With the production barometer registering a figure of380,000 commercial vehicles and buses the year 1923 is hailed by American manufacturers as marking a record period in the history of the growth of the road transport industry. It is a singlar fact—what does it inch, catel—that in a year which was generally considered to be a lean one from the point of view of the volume of business transacted the figure exceeds the production mark of the year 1922 by 128,000 vehicles, and, moreover, that it surpasses the figure for the year 1920.

i.e., 322,000, when sales were inflated by war stimulation and post-war demands consequent on the inability of the railway companies, who were emerging from State control, to deal with an increasing _volume of freight. The production of 1923 was approximately 50 per cent. greater than that for the preceding year, and for the sake of comparison we reproduce a diagram, which shows clearly the annual production for a period of seven consecutive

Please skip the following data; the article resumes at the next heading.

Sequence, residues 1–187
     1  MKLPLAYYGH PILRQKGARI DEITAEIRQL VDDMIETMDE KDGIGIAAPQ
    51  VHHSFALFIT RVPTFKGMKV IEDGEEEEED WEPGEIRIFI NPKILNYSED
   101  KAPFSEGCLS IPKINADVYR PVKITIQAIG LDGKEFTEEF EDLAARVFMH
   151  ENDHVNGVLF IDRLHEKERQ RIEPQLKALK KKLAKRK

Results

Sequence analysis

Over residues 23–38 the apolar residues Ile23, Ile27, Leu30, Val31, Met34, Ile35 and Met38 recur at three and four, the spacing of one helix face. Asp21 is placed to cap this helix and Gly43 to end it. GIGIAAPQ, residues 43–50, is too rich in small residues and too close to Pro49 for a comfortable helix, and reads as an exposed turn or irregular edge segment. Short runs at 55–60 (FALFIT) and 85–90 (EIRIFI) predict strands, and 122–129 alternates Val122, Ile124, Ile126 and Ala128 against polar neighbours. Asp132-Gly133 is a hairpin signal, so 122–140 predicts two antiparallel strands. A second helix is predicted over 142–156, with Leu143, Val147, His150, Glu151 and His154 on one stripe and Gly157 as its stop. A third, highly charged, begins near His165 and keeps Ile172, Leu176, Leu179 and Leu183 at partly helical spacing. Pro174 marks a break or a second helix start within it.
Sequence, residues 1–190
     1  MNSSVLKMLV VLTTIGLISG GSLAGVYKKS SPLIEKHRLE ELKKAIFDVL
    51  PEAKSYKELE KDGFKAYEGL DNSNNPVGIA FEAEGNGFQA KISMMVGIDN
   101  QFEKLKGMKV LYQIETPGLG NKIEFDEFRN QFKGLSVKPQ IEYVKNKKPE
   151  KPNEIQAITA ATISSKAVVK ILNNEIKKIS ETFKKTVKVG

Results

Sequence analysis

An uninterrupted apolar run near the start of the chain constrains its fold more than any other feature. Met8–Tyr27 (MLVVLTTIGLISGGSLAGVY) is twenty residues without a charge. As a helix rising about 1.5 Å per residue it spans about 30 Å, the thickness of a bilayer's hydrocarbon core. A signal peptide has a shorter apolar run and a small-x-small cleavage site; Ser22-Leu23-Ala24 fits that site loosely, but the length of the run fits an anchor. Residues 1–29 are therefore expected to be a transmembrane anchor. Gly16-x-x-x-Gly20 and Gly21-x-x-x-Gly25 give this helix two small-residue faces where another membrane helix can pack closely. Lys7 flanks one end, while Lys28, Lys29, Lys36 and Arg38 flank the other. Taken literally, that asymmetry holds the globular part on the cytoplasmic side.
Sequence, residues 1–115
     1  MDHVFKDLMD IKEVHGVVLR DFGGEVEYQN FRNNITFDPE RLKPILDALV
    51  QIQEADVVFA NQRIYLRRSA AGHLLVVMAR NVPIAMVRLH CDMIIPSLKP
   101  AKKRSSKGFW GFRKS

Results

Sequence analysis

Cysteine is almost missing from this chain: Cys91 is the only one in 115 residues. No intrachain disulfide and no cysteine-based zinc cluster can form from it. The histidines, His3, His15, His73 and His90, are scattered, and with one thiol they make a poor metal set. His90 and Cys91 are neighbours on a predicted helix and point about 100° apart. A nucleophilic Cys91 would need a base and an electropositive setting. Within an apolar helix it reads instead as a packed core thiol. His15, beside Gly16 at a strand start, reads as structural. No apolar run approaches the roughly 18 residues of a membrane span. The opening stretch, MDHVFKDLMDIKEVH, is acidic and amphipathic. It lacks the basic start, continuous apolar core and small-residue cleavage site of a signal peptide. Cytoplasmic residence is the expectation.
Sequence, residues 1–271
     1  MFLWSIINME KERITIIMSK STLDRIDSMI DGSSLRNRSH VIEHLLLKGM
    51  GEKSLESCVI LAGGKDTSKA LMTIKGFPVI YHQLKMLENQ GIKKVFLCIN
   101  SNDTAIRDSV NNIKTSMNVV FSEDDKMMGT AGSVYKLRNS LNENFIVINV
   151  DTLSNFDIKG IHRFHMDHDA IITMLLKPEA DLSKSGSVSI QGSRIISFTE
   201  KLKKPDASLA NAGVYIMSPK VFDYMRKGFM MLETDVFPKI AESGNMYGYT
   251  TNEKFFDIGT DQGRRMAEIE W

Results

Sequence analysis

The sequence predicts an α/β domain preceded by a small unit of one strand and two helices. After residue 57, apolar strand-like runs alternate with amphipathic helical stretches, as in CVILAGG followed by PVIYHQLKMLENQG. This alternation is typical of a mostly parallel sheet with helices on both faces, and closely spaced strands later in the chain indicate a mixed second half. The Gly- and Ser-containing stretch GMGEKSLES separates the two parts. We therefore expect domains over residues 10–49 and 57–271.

years, and from which it will be readily observed that the collective output of Americas factories has been trebled in this period. The figure for 1921 offers illuminating evidence of the state of dc. pression in the industry at that. time, largehr influenced, as it. was, by artificial]; inflated production in the two preceding years.

useful indication of the popularity of the various models according to carrying capacity can be obtained 1:'2, perusing &mow the following tabulation showing the percentage of each type of vehicle manufactured in the years from 1919-1923 inclusive :—

Capacil y. 1019. 1920. 1911. ton or less ... 21 19 22.9

1-14 tons ... ... 56.6 62 18.9 2-2k tqns 16.6 12 10.8 8-8.1 tons ... ... 8.8 4 2.3 4.5 tons and over ... 4.2 3 5.6 1922. 1911.

24-5 16.1 61.8 75.8 10 3.9 1.76 2.9 2.21

From this table it will be observed that the 1-1-tonner has increased very considerably in popularity during the past few years; whereas the 2-21-toneer has shown a rather. marked decline in